Where text is used in a column, spelling should be consistent. For example, if a character string is used to identify the gender of the subject and various forms are used such as “m”, “M”,”_m” “male”,”Male”, “MAle”, “MALE” for males, one has to convert these to a single consistent format before the analysis can be performed. This can become even more challenging when variations of spelling for names or conditions are used which are not familiar to the individual performing the statistical analysis
Date Columns Columns containing dates should be formatted as dates. Care should be taken to distinguish between the American and European formats for date. The format will be set as one format but Excel allows the entry of both. For example Excel will allow both 3/19/2010 and 19/3/2010. The one will be set as a date and the other as a character that will become missing when imported into a statistical program. Date formats can be set up so that the three characters for the month are seen once the date is entered. This allows one to easily see that a date has been entered and also to differentiate between dates such as 3/4/2010 and 4/3/2010.
Time Columns Columns containing times should be set up and entered safely. One way of dealing safely with times is to have one column for the hour and a second for minutes.
Subject Data Data for a subject assessment should not be spread across multiple rows. If spread across multiple rows, a statistical program will read multiple observations for that subject.
Underscores Underscores (“_”) are characters. They may not appear in a column heading or in a character data string. However, if there, they will show up as part of the character string.
Composite Variables Avoid putting multiple responses separated by commas or other characters in a single column eg entering age and sex into a single column. The process of extracting the separate responses can be time consuming, challenging, and lead to error. Create separate columns for situations where there are multiple numeric variables. For example, if comorbidities are to be listed and a subject has two or three comorbidities, instead of a single column with conditions separated by commas, one could create three columns and list each of the three comorbidities in three separate columns. Alternatively, one could create columns (fields, variables) for each of the common comorbidites and note the presence or absence of each comorbidity plus have a separate column for “other” comorbidities.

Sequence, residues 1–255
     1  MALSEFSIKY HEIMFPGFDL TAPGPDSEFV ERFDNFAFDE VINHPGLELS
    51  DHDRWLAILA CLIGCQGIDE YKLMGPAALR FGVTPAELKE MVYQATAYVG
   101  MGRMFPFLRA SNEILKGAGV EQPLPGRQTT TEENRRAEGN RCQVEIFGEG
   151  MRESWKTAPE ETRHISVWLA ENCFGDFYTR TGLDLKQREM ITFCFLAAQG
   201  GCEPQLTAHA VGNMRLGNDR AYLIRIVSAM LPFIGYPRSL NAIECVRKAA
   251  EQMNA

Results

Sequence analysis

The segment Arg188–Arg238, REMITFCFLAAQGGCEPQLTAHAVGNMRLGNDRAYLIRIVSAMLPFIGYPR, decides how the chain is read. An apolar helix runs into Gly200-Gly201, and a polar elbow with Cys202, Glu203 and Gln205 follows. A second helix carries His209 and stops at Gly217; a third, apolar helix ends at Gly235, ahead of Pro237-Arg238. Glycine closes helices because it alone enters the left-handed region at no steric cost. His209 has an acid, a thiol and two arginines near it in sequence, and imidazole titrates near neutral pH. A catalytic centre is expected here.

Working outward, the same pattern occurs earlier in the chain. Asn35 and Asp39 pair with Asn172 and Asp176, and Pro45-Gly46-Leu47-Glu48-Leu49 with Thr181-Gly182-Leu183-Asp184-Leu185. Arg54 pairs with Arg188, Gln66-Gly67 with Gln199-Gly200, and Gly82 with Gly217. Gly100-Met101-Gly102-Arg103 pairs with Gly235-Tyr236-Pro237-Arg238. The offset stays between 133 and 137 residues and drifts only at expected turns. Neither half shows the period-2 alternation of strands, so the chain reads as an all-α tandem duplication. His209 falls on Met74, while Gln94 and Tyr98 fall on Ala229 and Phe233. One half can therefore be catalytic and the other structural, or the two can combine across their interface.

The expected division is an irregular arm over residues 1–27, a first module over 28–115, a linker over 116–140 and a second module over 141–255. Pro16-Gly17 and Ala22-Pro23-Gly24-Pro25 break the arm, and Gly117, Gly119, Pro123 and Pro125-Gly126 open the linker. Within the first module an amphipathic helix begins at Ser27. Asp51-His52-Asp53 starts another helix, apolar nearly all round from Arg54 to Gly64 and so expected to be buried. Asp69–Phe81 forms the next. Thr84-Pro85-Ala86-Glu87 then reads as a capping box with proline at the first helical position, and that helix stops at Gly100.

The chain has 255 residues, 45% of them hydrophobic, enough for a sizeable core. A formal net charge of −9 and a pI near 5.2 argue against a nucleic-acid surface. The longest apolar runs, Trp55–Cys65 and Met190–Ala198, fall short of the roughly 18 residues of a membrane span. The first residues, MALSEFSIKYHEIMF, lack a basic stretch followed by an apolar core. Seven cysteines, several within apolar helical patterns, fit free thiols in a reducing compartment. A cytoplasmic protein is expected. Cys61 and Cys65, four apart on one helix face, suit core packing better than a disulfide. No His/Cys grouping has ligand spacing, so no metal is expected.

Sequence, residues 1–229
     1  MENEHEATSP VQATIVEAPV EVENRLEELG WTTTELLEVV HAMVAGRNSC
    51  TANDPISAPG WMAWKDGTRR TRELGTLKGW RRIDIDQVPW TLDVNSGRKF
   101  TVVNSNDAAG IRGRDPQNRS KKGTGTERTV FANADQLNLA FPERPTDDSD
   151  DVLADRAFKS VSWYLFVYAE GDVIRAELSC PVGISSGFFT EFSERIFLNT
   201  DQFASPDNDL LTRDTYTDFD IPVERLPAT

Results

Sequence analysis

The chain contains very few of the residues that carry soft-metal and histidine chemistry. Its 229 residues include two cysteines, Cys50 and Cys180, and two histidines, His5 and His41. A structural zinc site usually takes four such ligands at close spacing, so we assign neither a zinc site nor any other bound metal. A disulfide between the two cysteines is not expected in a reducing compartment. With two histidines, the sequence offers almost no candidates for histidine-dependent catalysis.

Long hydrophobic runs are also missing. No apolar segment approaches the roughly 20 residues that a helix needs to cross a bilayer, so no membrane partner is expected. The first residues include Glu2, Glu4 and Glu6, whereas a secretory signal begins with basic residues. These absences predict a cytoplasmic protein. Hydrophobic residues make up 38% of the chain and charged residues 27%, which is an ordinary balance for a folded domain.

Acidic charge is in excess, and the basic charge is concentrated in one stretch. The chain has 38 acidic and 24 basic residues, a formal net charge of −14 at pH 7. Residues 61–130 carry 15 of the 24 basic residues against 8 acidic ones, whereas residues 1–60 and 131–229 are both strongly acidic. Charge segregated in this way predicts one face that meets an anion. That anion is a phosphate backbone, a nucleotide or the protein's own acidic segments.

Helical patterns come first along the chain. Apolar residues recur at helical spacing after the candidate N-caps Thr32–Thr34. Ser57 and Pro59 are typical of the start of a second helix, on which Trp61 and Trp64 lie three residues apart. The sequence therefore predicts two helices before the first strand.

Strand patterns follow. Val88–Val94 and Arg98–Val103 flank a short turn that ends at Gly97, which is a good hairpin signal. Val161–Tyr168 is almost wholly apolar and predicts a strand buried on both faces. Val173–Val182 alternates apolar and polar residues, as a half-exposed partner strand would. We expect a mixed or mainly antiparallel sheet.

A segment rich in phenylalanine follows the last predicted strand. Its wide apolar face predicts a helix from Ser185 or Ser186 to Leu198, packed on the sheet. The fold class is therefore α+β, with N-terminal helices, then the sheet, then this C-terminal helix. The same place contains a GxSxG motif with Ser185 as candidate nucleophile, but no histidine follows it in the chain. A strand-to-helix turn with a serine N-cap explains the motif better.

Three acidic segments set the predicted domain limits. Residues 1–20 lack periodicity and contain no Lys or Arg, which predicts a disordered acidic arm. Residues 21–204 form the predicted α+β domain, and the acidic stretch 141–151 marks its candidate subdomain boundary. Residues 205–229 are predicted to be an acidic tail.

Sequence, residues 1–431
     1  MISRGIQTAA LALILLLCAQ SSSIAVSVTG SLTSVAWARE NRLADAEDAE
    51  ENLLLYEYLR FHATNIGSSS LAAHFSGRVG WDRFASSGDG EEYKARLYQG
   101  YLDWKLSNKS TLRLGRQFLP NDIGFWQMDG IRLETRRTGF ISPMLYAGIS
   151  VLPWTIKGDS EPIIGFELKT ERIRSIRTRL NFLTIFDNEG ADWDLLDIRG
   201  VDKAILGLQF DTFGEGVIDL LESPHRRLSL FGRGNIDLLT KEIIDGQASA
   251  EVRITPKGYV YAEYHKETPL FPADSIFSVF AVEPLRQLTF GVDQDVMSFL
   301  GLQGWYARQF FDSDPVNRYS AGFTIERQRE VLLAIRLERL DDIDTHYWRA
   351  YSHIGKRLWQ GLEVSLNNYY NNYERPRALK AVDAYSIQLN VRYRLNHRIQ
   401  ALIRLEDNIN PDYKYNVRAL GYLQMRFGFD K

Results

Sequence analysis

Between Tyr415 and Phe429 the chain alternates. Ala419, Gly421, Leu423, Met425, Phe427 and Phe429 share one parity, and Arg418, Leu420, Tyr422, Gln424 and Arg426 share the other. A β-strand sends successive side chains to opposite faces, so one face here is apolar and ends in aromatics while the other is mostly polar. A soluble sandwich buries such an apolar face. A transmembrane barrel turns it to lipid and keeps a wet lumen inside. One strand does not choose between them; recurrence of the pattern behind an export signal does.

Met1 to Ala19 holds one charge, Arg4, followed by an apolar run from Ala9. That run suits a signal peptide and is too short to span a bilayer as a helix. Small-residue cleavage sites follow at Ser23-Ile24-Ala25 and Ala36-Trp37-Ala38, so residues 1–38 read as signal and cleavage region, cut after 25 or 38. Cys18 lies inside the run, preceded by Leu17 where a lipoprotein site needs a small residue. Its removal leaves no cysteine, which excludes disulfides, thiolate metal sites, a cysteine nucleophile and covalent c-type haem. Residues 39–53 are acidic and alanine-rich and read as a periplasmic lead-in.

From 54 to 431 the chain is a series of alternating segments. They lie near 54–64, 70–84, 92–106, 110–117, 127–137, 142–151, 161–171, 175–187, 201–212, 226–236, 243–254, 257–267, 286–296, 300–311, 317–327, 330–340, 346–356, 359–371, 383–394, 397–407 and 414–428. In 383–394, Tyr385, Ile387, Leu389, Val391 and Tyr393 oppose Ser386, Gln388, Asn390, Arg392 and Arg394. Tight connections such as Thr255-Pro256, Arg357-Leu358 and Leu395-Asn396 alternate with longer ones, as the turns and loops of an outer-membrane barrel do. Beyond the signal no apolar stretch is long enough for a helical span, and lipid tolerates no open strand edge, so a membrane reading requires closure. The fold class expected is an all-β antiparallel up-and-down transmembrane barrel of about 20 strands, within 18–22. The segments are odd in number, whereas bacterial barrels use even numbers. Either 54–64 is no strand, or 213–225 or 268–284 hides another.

Calculated Variables If we have the algorithm it is probably easiest to calculate new variables in the statistical program. For example, with weight and height, BMI can easily be calculated.
Summary calculations & Graphs Summary calculations and graphs store in the spreadsheet should be removed. Summary calculations end up being treated as additional subjects.
Hidden Columns Hidden columns are not lost. They are only hidden from view within Excel. If you do not want these columns to be seen by anyone, then delete them.
Excel Formatting Excel Formatting (colours, shading, fonts) are for improving the appearance of the spreadsheet. They do not affect the data stored in the spreadsheet. If you are trying to communicate information for the analysis it is better to do so by adding an indicator column. For example if a ‘strike over’ font is used to indicate ineligible subjects, this will be lost when the data is imported into a statistical program. It is better to have a separate column to indicate which subjects are eligible and ineligible.
Empty Rows & Columns Through various manipulations and modifications a spreadsheet the size of the spreadsheet (number of columns &rows) can exceed the number of variables & cases. If these are not deleted they become extra variables and data points.